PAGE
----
The unmistakable sounds of Gruff Rhys in the DJ booth, the utterly variegated crowd (once a year gig goers, the everyday bunch and a whole lot more), the extortionately priced t-shirts contrasting with the uniquely underground atmosphere. It’s welcome to the alternate dimension of the Super Furry Animals.
The band have taken a hands-on approach to this Clwb Ifor Bach residency. Notions of support acts are cast aside as Gruff takes his place in the booth to play a potent set of esoterica by way of a warm-up. Not many spot him up there, sitting alone with fuzzy hair emerging over headphones, but it’s a remarkable image of rock’n'roll subversion, a man preparing us for an altogether rawer onslaught.
With minimum fuss the music stops and Gruff trickles out through the crowd and onto the stage, and as the band start playing it’s a case of waiting for the magic to rain. I’m not a person steeped in the total SFA output, just one who knows enough to recognise that I should be. Soon, the place is set alight.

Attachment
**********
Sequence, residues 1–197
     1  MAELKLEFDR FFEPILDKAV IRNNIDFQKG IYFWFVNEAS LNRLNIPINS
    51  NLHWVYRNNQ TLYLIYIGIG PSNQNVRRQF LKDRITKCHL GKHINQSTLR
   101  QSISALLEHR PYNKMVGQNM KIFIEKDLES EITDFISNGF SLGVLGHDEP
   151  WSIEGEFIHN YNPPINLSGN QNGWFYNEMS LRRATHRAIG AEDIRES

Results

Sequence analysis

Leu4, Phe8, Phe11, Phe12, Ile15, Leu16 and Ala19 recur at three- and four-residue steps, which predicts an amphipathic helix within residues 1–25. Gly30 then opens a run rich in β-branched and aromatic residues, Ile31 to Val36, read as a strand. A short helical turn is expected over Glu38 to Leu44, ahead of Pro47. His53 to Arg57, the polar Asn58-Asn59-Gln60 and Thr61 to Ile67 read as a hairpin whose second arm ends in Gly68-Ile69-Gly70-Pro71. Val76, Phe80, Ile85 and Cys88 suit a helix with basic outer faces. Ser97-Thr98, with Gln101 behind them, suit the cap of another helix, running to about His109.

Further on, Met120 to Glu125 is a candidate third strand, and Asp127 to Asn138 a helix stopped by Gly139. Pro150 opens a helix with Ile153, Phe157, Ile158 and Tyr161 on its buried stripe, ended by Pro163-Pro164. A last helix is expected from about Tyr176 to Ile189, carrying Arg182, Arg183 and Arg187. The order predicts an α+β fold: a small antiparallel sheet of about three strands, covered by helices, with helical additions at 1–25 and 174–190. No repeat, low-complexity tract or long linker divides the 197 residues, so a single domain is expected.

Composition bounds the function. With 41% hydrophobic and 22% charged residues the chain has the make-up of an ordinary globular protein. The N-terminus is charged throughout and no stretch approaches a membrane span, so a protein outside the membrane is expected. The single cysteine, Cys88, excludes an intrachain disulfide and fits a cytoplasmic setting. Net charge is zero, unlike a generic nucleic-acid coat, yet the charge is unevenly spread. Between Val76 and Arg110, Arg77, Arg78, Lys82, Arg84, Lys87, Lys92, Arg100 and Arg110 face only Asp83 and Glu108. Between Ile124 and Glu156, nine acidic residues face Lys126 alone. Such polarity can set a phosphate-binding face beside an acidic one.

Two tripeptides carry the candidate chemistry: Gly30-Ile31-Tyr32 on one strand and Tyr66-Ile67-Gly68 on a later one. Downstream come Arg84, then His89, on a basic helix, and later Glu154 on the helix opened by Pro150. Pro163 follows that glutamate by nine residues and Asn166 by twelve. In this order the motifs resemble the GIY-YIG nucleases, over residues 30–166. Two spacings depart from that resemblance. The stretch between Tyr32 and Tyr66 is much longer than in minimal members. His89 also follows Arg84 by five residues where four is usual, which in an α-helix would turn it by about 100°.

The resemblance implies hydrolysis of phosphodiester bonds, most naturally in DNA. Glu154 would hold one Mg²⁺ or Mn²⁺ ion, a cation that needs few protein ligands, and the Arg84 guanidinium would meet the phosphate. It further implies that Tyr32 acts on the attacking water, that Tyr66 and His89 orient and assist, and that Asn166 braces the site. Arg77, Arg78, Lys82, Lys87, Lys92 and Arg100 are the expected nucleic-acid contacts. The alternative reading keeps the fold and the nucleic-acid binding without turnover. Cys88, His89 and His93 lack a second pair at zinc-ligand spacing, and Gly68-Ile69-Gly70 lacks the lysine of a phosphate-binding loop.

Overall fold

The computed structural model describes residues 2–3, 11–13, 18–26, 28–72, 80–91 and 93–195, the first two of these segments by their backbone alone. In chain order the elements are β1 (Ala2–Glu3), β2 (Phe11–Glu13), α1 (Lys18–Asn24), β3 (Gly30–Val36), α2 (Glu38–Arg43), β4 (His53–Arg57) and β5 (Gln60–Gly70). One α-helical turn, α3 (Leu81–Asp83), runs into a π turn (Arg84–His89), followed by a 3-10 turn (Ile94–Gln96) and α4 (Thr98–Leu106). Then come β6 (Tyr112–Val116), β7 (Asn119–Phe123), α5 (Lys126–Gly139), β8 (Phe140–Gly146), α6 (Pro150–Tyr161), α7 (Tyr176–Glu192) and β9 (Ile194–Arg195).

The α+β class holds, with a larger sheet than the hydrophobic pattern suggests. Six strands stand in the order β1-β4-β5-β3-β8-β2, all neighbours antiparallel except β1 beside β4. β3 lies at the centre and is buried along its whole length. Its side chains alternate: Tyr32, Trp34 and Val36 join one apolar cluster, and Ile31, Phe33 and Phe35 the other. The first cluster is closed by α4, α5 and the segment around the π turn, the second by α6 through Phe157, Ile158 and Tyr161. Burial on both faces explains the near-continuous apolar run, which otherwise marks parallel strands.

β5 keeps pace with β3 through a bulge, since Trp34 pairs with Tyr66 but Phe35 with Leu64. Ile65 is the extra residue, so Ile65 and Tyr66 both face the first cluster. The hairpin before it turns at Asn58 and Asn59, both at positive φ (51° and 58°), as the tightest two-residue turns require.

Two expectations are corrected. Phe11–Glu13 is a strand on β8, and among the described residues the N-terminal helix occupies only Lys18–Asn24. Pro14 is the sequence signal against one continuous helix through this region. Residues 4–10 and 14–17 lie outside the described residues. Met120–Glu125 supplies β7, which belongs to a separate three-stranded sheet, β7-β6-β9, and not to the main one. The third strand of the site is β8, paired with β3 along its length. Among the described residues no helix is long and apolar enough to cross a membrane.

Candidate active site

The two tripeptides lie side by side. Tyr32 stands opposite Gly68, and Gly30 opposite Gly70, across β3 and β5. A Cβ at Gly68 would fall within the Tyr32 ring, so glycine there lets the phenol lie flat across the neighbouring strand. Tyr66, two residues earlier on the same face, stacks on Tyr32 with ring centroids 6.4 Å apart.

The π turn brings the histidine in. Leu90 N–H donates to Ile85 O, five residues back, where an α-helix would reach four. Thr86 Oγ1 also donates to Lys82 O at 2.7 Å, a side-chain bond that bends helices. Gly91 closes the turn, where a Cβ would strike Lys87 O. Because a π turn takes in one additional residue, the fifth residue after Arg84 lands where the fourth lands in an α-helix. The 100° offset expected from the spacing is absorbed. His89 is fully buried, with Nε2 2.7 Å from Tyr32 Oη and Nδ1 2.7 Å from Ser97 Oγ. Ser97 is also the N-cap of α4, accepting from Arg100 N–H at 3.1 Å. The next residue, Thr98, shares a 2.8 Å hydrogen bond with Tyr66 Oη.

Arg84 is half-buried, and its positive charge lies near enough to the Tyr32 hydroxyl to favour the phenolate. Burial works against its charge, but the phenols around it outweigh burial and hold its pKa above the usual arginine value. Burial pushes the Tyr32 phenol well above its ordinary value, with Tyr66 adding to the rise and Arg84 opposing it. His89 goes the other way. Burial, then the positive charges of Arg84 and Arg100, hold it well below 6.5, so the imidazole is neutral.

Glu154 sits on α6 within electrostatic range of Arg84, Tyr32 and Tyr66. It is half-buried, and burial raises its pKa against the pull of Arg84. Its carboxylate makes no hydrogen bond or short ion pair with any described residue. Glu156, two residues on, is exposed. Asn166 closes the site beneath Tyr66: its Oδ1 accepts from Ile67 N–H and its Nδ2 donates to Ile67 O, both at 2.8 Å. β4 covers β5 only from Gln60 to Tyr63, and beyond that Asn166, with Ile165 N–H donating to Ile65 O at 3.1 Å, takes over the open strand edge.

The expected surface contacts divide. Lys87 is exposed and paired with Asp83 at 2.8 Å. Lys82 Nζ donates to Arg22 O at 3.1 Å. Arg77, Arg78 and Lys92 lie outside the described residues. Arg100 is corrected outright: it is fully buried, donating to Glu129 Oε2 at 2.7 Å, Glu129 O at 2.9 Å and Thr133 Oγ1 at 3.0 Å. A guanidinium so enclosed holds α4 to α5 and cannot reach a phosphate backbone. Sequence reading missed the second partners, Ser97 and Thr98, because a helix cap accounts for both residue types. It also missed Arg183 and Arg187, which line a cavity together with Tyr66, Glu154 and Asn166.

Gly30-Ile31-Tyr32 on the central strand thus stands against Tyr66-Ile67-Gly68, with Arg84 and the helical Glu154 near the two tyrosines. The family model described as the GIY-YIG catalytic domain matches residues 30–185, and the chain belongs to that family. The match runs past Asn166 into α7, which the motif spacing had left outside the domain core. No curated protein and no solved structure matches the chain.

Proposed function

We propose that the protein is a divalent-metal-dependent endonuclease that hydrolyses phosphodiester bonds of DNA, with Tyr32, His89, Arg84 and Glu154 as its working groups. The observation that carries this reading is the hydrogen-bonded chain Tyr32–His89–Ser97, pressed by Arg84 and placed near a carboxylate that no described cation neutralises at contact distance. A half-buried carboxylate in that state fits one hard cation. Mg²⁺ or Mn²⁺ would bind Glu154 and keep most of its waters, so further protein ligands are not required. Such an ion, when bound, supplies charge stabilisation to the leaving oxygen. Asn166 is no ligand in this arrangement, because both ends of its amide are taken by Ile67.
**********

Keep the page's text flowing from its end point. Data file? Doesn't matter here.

The band fire off opening tracks in a way that evokes library-rock-disco, Gruff trying on a face-consuming Power Rangers mask and singing out of its ear in grand style. Rings Around The World blasts in an exquisitely carefree manner, its melody and quirkiness finding a profound mark. Lines between rock and pop blur in the haze as wonder builds at Gruff’s earthy poignancy and humour. It’s a pop collage in robust shards that Gruff’s faux-contemporaries could hardly comprehend.
God Show Me Magic and Do Or Die fly out with fuzzy charm, spinning like a carousel in the Cardiff night, and as the gig comes to an end with a huge rendition of The Man Don’t Give A Fuck, crowd pogoing in unison so that the floor shakes, we are again left to comprehend a national treasure. Scotland had Cutler, England has Blackwell. Wales has Gruff. Terrific.